Various approaches, including gene therapy, stem cell therapy, enzyme replacement therapy, and chaperone small molecules have been extensively investigated. However, the complicated genetics of the disease, lack of efficacious drug candidates, and regulatory hurdles resulting from safety concerns limit their applications to patients at this time.
Moreover, because the disease progression is rapid and often misdiagnosed, patients are often significantly impacted at the time of diagnosis and initiation of treatment. In particular, the invasive method of administration of certain treatments (such as enzyme replacement therapy and viral gene delivery) to young pediatric patients reduces the interest of patient families in trying such treatments.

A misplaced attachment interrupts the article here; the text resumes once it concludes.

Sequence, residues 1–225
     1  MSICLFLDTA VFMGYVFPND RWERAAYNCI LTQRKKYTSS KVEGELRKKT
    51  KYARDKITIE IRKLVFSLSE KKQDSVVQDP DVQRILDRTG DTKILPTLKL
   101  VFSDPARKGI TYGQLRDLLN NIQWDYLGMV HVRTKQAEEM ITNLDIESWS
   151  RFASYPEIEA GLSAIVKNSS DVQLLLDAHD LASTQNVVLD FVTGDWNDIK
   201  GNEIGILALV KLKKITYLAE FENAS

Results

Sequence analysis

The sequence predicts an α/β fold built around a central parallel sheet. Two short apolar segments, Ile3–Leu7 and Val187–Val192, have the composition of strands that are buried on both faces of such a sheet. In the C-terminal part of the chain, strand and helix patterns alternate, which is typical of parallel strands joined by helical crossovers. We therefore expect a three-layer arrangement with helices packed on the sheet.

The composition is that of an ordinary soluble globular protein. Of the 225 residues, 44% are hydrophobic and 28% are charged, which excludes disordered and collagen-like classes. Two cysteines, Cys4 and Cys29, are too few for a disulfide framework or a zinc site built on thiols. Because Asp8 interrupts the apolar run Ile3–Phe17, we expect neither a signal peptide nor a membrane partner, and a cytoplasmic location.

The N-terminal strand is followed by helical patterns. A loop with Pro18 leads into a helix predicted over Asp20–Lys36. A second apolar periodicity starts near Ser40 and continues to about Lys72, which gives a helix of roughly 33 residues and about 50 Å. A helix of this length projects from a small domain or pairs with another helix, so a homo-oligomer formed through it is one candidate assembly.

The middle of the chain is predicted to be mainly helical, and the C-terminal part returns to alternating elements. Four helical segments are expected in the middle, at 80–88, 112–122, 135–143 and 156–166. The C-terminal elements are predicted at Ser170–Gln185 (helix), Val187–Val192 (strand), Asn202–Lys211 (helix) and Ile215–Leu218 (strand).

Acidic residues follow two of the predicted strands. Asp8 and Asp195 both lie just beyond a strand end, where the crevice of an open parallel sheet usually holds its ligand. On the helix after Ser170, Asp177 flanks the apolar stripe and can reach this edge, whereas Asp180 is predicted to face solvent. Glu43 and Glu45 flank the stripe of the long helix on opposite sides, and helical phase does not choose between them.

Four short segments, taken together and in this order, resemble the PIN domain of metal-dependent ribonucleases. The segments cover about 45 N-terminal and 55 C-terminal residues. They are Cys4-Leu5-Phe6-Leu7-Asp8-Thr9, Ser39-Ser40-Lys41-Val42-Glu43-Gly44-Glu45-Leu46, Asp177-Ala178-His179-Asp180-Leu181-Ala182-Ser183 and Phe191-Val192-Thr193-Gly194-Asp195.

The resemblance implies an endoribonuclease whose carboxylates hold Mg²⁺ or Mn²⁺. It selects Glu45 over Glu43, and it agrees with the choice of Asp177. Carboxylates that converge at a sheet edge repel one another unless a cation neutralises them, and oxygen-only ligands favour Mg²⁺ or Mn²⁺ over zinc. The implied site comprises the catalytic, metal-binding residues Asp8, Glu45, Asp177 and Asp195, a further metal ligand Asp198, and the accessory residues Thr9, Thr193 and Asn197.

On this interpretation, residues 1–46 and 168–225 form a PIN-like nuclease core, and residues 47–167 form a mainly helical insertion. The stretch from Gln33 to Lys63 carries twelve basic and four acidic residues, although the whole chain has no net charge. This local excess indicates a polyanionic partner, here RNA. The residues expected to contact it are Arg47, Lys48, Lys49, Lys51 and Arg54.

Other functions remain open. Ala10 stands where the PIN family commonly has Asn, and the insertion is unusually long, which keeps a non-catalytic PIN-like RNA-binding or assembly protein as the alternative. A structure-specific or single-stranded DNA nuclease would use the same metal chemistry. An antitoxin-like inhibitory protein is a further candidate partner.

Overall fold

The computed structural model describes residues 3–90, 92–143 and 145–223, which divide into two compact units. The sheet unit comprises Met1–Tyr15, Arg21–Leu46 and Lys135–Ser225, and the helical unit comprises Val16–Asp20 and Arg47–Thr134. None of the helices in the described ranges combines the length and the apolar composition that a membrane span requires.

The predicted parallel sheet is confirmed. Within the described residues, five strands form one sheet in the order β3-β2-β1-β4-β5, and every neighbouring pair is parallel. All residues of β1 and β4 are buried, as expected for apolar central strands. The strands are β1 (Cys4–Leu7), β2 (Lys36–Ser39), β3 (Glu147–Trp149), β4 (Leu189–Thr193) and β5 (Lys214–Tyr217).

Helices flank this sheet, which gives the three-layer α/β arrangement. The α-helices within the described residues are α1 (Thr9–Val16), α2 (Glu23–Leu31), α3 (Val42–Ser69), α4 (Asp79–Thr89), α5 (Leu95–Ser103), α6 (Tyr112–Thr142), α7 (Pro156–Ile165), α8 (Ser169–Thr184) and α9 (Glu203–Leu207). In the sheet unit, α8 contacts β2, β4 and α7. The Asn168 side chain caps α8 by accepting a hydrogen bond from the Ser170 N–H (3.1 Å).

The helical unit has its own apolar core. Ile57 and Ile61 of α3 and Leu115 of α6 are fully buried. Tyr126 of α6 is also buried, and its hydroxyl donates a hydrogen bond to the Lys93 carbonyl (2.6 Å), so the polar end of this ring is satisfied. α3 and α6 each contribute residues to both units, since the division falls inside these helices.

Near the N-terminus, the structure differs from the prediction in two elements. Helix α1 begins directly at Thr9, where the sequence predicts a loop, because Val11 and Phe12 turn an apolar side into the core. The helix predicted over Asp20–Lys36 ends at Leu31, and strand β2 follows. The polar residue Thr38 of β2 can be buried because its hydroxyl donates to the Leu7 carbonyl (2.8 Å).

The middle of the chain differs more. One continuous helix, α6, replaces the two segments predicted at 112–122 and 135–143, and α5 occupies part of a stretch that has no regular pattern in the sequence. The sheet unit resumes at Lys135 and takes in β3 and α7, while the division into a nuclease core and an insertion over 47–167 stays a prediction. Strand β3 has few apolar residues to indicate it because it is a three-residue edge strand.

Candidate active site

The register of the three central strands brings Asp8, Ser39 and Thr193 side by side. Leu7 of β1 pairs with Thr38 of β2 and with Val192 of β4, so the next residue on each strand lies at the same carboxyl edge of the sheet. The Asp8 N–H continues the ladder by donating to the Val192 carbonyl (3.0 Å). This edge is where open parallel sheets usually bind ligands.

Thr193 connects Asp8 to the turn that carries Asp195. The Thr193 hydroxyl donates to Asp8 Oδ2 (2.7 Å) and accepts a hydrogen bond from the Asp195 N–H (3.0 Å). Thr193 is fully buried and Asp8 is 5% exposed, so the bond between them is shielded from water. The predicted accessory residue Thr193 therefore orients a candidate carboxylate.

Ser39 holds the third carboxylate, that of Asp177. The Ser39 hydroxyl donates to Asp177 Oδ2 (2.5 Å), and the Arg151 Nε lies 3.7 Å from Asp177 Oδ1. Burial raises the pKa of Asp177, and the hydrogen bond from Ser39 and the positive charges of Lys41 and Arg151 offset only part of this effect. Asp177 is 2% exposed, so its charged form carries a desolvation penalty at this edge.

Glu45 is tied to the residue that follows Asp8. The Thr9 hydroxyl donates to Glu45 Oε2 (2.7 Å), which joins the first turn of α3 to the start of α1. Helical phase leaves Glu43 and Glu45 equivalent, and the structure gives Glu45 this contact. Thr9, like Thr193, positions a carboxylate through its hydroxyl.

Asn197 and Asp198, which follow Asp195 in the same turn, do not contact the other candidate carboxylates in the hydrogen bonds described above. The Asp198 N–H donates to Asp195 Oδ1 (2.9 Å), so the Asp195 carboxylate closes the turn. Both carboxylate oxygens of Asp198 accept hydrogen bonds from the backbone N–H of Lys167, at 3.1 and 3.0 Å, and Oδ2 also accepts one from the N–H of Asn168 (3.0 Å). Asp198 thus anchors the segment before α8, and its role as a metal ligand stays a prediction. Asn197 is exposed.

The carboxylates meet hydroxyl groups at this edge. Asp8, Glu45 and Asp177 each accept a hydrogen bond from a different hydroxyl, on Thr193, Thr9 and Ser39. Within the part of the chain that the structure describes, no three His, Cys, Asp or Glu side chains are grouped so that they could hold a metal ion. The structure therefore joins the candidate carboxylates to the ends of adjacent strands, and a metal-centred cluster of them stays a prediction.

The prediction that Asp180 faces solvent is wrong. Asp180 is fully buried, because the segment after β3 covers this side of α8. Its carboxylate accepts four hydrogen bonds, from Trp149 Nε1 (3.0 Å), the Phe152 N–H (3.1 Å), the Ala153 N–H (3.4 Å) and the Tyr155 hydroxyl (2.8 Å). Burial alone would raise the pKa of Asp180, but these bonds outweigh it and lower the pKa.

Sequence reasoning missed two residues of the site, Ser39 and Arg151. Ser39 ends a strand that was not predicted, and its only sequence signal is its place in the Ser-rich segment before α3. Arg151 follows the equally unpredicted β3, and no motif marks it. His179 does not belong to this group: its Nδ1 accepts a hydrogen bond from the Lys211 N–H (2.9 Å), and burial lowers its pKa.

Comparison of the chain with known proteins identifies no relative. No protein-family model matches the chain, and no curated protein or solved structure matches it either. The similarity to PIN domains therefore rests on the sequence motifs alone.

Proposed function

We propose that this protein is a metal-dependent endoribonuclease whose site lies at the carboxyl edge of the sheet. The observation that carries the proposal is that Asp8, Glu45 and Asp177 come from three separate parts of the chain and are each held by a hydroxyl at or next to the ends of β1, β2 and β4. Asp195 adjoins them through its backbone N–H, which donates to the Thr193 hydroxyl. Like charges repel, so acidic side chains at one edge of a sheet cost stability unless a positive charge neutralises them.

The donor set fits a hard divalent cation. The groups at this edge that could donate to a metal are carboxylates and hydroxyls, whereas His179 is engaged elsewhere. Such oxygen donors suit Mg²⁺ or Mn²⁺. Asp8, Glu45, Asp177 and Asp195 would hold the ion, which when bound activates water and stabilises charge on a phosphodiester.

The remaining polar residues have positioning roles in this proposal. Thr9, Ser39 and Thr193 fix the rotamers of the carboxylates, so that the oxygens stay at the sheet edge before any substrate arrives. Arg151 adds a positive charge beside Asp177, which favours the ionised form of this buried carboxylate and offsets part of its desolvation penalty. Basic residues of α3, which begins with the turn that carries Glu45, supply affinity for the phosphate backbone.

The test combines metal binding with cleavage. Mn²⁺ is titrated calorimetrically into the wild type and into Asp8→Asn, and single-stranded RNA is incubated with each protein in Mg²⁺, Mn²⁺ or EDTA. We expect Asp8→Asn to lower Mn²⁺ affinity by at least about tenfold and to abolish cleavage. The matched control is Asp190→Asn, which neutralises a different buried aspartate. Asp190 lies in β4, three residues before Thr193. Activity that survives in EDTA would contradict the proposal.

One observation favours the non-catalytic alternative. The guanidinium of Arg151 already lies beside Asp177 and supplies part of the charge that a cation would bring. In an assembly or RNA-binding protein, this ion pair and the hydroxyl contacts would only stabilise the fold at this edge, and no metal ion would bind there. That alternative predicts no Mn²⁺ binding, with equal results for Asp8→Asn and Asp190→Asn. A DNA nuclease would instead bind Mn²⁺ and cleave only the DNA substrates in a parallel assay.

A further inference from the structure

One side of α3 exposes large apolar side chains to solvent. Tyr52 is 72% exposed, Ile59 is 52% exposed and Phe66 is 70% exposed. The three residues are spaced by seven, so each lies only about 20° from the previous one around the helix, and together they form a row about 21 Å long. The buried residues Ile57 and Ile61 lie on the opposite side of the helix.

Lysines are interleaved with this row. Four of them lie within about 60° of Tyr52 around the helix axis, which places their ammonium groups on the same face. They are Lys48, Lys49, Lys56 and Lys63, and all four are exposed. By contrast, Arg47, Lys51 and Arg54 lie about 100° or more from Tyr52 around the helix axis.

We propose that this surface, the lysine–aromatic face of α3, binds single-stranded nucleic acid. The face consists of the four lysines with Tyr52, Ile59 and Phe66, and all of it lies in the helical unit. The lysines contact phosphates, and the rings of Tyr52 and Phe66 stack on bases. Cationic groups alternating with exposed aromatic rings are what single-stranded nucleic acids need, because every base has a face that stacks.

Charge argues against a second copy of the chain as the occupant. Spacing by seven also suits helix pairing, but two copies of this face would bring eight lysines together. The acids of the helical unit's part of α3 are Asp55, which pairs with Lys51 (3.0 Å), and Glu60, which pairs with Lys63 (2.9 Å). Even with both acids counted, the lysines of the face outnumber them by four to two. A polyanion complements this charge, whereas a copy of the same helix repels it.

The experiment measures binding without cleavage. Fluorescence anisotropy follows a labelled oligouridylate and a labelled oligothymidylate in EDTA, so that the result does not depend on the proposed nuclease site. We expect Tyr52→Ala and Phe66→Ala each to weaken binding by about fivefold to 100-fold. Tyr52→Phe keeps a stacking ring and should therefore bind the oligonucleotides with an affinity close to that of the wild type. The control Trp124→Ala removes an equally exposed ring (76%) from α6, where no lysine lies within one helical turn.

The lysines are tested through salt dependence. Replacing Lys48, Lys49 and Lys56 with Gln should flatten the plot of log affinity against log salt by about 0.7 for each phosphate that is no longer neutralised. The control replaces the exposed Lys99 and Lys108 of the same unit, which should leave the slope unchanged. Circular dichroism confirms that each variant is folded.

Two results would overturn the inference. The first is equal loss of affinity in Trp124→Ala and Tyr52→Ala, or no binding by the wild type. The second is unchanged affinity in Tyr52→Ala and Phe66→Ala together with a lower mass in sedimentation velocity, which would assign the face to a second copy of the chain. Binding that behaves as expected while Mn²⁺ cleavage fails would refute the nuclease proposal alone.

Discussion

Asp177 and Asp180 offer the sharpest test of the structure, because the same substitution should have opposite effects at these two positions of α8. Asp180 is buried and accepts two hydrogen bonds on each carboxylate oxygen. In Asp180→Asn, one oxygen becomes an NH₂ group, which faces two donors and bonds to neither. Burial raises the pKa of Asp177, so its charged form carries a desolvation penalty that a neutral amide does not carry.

Our patient-friendly, oral therapeutics have shown efficacy in a murine disease model, and may provide patients with a non-invasive treatment option.
Our patient-friendly, oral small molecule therapeutics which have shown efficacy in an animal disease model may provide patients with a noninvasive treatment option that can be taken either alone or in combination with other possible treatments. And because we are pursuing a drug repurposing strategy, we aim to bring safe and effective therapeutic interventions to patients more quickly than traditional investigational drug developers.